To embed a culture of performance, you need to invest in developing managers and supervisors into outstanding leaders so that they themselves become a non-monetary reward to their subordinates.
In this parable, at least three elements of leadership as a reward are evident.
First, the leader in the parable rewarded his employees with visibility. Regularly availing yourself as a leader to employees for discussion is a reward.
Second, the leader in the parable modeled consistency and fairness in his dealings. He measured each employee’s ability and placed each on a scale of ability; there was a one-talent servant, a two-talent servant and a five-talent servant.
In terms of responsibilities, he allocated them in proportion to the scale of ability (Matthew 25:15, NKJV). When it came to paying, he was just as consistent; he lived by the principle that the one who contributes more gets more and the one who contributes nothing gets nothing (Matthew 25:29,NKJV).
He was a principled leader, one never to leave employees guessing what he really stood for. He just made good his word.
Third, the leader made sure his employees were surrounded by high-performers. Working alongside highly talented individuals is a reward in its own right.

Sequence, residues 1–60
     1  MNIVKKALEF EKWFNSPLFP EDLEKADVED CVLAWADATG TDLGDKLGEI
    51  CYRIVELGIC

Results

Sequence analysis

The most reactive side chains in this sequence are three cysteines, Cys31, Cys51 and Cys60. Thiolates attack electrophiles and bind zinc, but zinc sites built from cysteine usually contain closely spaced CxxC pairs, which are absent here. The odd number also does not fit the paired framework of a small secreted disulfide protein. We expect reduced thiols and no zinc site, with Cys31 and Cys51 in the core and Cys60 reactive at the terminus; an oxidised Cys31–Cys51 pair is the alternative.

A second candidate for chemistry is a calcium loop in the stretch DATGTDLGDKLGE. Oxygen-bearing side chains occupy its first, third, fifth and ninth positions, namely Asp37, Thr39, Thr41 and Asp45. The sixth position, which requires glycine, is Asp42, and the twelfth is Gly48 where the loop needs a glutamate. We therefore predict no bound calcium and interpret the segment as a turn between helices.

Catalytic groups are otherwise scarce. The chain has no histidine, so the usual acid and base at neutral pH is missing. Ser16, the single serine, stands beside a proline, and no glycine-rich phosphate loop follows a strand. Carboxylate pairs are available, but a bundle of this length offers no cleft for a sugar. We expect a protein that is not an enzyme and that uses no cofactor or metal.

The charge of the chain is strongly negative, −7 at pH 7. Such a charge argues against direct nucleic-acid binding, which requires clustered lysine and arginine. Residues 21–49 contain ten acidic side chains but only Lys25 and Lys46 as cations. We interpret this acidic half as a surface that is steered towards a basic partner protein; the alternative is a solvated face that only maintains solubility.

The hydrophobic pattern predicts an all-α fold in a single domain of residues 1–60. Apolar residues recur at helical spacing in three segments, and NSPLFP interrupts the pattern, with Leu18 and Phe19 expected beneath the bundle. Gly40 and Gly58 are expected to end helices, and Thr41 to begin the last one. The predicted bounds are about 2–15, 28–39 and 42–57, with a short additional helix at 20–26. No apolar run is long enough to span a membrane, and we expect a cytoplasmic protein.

Dispenser of non-monetary rewards
In ancient Hebrew business management thinking, besides being a reward in his or her right, a leader was a skilful dispenser of rewards, especially non-monetary rewards. Matthew 25: 21 (NKJV) provides the evidence: “His lord said to him, ‘Well done, good and faithful servant; you have been faithful over a few things, I will make you ruler over many things. Enter into the joy of your lord.’’
At least three elements of non-monetary rewards were dispensed by the leader in the parable.
The leader in the parable gave specific feedback based on solid evidence of employee performance.
The leader in the parable generously employed recognition as a form of non-monetary reward.
The leader in the parable enlarged the responsibilities of good performers as a non-monetary reward in return for performing well.
What current research says
Just last year, the Boston Consulting Group (BCG) provided evidence from their research clearly demonstrating how organisations with highly capable leadership development practices outperform those without in terms of profit growth and profit margins.
Firms with highly capable leadership development practices outperformed the profit growth and profit margin of those without by a factor of 2,1 and 1,8 respectively. The BCG report does not give reasons why developing leaders is correlated with superior profit growth.
That old Hebrew phenomenon of a bondservant we have just explored might provide the clues to the causal mechanism.
Reflect on it
Superior monetary rewards may not create a high-performance organisation. Depriving employees of good leadership is a subtle form of underpayment.
Chulu is a strategic HR consultant who is pioneering innovative strategic HR practices in both listed and unlisted companies. — email@example.com